How to Sweep Bitcoin Dust to a Single Wallet Address with Electrum

Mario Dian Jun 3, 2017 5 min read

If you are the type of "Bitcoiner" that gets involved with Bitcoin faucets, online games and so on, the chances are your wallet is full of low-valued outputs.

These outputs that each hold small amounts of satoshis (few hundreds to thousands) are called Bitcoin dust. These days, dust outputs are worth less than an average transaction fee paid to miners.

Transactions that need to be confirmed ASAP have thus become increasingly more expensive - more so with dust included.

That's because transaction fee is based on data size in bytes, instead of transaction's nominal value in BTC. In other words, the more inputs and outputs the transaction has, the more expensive it becomes.

There is a trick to lower a future transaction cost, though.

It requires you to sweep dust to your own address for a very low fee every time circumstances allow it.


The idea is simple.

  1. Find a day when there aren't more than say 30 000 unconfirmed transactions in Mempool.
  2. Look up the average recommended fee and lowball it by at least 50% (or any value you're comfortable with). The lower the fee, the more time it takes for the transaction to be confirmed.
  3. Use the low fee to spend dust outputs to another address in your possession.

Note: Because you're sending bitcoins to yourself, it doesn't matter that the confirmation time is a few hours or even days.

Let's consider the following example:

We want to make a transaction of 2 BTC to Bob using an average fee of 200 sat/B.

However, 10 dust outputs (0.001 BTC each) need to be included in the transaction because we only have 1.993 BTC on a "non-dust" address.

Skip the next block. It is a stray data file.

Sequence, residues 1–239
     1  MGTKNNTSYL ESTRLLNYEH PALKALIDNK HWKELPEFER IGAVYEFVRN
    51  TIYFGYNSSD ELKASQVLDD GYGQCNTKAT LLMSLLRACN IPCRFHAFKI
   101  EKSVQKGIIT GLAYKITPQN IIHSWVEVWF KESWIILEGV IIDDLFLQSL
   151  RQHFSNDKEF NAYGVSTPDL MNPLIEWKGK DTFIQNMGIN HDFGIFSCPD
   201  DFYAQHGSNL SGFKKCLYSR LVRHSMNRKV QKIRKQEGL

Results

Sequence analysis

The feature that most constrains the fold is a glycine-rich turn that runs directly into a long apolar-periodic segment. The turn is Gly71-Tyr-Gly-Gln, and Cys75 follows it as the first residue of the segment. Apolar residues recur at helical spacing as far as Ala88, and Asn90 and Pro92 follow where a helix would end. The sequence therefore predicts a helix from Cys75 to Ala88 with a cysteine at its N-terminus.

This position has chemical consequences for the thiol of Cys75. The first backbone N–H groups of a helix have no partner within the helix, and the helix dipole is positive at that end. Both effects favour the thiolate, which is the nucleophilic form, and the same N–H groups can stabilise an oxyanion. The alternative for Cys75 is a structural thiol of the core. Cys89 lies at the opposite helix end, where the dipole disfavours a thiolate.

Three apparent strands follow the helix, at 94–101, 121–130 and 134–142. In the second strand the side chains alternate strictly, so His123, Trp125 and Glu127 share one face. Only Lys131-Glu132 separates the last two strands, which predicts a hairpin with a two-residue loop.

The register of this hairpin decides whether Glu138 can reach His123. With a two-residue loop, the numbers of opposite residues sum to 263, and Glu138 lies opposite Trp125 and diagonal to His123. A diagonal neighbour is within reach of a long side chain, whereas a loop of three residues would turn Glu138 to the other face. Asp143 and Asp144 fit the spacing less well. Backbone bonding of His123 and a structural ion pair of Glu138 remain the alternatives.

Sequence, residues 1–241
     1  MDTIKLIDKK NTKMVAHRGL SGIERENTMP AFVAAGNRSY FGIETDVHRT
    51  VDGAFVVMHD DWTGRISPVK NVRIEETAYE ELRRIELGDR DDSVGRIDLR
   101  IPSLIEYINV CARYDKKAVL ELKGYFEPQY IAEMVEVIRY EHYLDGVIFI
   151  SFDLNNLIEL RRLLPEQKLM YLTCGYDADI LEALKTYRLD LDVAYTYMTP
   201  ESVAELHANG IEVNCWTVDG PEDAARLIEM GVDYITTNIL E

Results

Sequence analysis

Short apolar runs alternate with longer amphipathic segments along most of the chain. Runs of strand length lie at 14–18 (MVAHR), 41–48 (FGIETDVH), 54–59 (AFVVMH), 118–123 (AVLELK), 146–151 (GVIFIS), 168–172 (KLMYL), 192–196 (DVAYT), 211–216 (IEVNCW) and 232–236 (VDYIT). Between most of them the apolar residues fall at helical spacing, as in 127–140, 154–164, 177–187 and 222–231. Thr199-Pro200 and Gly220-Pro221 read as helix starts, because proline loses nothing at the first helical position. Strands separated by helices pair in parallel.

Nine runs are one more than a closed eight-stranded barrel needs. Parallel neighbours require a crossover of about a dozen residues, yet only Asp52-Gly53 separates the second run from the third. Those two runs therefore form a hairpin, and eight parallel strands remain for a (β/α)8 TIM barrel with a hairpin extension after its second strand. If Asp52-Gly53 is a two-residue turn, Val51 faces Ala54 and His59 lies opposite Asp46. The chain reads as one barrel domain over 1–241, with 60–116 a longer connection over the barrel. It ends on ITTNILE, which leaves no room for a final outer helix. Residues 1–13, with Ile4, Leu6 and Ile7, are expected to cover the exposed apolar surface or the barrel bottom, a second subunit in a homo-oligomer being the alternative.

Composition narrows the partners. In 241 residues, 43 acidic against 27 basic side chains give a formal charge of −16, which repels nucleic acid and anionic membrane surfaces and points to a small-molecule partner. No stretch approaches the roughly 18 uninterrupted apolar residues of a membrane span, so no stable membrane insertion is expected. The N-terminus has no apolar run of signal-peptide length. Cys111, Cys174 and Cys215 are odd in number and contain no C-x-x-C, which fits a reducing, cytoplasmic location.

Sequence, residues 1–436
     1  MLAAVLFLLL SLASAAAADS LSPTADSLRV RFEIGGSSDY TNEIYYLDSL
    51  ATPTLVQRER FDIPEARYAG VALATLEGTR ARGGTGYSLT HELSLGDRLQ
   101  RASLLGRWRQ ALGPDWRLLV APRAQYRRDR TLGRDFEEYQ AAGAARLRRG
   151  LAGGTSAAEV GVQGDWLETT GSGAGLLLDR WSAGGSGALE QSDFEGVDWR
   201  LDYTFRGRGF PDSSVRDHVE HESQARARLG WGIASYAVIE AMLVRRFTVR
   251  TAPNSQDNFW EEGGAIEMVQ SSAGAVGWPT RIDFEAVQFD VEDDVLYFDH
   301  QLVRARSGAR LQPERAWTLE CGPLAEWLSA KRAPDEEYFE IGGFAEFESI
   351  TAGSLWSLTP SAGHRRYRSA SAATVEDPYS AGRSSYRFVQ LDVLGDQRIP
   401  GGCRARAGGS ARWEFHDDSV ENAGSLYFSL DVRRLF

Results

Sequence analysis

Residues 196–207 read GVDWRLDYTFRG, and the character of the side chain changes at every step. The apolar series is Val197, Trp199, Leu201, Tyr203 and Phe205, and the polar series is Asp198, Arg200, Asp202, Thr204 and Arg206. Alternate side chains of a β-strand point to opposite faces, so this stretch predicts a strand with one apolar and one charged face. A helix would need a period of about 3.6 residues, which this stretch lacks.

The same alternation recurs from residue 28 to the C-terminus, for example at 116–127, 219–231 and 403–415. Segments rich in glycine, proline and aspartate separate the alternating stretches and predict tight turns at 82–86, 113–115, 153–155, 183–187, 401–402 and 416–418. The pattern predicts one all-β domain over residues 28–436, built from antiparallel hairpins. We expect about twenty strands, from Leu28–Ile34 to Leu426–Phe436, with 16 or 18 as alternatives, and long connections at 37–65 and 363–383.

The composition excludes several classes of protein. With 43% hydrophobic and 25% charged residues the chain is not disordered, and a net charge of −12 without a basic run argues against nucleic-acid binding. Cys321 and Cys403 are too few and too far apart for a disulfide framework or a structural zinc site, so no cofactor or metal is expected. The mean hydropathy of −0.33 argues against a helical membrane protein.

Payment to Bob (TXa1)

A regular transaction including dust to Bob would look as follows:

Inputs: 10 unspent dust outputs + 1 unspent output ((10 x 0.001) + 1.993 = 2.003 BTC)
Outputs: Bob's address
Data size: 1500 bytes
Transacted: 2 BTC (inputs - fee)
Fee: 0.003 BTC (1500 bytes x 200 sat)

Instead of making a very large and expensive transaction, let's split it in two (TXb1 and TXb2).

Dust outputs swept to a single output (TXb1)

In this transaction, we'll use a very low fee of 50 sat/B because it doesn't have to be confirmed ASAP.

Inputs: 10 unspent dust outputs (10 x 0.001 = 0.01 BTC)
Outputs: our address
Data size: 1400 bytes
Transacted: 0.0093 BTC (inputs - fee)
Fee: 0.0007 BTC (1400 bytes x 50 sat)

This transaction should be sent a long time before a regular payment needs to be sent!

Payment to Bob (TXb2)

This transaction is a final payment to Bob with dust already settled within a single output.

We'll use the current fee of 200 satoshis per byte, now.

Inputs: TXb1 unspent output + 1 unspent output (0.0093 + 1.993 = 2.0023 BTC)
Outputs: Bob's address + our change address
Data size: 373 bytes
Transacted: 2.001554 BTC (inputs - fee)
Fee: 0.000746 BTC (373 bytes x 200 sat)

As you can see, instead of paying the fee of 0.003 BTC for a single TXa1, combining TXb1 and TXb2 cost only 0.001446 BTC.

How to sweep dust

For the purpose of this tutorial, I'll be using Electrum wallet on Mac OS X.